PCCs and cells
Frequently, a PCC will issue different classes of share with common, voting, shares issued in respect of the core and separate classes or series within a separate class being issued in extent the core of the PCC may be exposed to any risks of the new cell. Both the PCC directors and the regulator will be concerned to understand the risks to be written by any new cell and how they will be funded. They will want to ensure that the cell can meet its financial obligations, in particular its obligations to its policyholders and reinsureds. One question, in particular, arises. How will any risk gap be funded? After the application of any available reinsurance, the gap is likely to be covered by capital contributed to the cell, letters of credit in the cell’s favor or other types of guarantee. Alternatively, the core of the PCC may offer its assets (or some of them) to fund the risk gap in whole or in part. In this case, the PCCs directors will likely seek to charge a premium for the facility as well as seeking collateralization of the core’s exposure. While a PCC is a single corporate entity, it need not be a single taxable entity. It is, generally, open to each individual cell to establish its own tax identification and file separately from the PCC as whole and from other cells. To achieve the tax status of an insurance company, a cell must qualify as such in its own right. Risk distribution at the individual cell level is not achieved merely by the presence of many risks insured by other cells but must be present within the cell. By contrast, the core of the company, assuming that it does not issue insurance policies and is not exposed to the risk of any of the cells, may not be an insurance company so much as a service company. PCC owners should consider the implications of this, especially in the case of PCCs established outside the US. The statutory risk segregating powers of a PCC are, broadly, shared by a series LLC. Like the PCC, the LLC is one corporate entity. However, there are, potentially, significant differences in corporate governance. While the managers (directors) of the core have responsibility for the governance of the company as a whole and for the relationship between the core and the series, it is possible to appoint different managers for each series with the power to conduct its business. Managers of the core will want to give careful consideration to the terms of the Participation Agreement, the extent to which series managers have autonomous powers and the reputational, regulatory and financial risks arising from this delegation of powers. Core managers are well-advised to ensure that one of them serves as one of the managers of any series, which helps them oversee the activities of the series.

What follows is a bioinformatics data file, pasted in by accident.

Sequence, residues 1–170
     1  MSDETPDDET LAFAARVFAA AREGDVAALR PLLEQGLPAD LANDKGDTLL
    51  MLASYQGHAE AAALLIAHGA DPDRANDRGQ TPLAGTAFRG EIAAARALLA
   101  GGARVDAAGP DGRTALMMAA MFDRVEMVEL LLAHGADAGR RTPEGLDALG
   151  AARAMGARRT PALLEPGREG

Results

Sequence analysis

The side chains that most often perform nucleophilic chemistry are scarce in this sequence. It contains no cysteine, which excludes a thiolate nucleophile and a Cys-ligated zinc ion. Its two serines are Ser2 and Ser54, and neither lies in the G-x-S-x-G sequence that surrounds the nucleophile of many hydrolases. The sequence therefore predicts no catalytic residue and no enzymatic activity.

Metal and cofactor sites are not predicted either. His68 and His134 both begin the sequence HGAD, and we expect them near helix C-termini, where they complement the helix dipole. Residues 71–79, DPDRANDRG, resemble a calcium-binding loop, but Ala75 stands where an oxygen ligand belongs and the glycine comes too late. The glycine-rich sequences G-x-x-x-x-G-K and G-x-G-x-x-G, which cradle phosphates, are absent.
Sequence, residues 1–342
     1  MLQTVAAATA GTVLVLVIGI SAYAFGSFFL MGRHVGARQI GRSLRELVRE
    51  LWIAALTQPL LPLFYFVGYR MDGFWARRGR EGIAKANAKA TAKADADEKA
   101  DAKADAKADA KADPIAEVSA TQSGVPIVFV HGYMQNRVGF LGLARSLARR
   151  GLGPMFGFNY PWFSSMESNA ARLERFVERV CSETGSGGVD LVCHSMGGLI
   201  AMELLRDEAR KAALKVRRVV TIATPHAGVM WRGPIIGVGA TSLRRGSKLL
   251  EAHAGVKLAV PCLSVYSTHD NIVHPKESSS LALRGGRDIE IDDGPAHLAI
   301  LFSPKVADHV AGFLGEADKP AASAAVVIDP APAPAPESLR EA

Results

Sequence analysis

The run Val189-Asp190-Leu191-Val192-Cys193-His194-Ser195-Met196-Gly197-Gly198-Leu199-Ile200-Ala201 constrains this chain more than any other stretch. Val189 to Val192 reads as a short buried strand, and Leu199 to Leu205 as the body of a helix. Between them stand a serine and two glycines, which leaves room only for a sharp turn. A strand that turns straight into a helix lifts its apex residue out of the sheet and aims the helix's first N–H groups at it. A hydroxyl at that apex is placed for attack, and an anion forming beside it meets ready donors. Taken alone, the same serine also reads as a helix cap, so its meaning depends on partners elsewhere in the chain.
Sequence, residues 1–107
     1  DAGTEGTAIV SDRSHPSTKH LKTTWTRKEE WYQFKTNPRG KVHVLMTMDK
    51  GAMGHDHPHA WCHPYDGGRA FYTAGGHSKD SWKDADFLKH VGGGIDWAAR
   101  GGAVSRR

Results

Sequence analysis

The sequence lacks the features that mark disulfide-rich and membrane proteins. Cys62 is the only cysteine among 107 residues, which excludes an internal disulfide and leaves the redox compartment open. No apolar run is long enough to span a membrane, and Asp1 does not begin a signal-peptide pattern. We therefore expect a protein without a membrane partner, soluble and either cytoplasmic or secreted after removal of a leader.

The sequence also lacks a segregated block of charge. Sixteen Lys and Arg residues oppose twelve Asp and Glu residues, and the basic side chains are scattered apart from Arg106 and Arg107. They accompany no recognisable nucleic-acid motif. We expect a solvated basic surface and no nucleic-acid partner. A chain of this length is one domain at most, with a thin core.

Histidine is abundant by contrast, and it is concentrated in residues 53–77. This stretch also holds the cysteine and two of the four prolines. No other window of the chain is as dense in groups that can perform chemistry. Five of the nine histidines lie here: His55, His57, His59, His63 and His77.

A unique company
Because of the convenience of cell arrangements, their broad acceptance and the ease of formation and operation from a corporate as well as from a regulatory point of view, cell companies of one kind or another are fairly ubiquitous these days and there are thousands of active cells. Nonetheless, the formation of a PCC rather than a separately incorporated captive, limits the owner’s control over his captive, imposes significant fiduciary duties upon the PCC’s directors and creates relationships between many parties needing careful consideration by all involved and clear governance, particularly by the Participation Agreement that is really the cornerstone of the whole arrangement.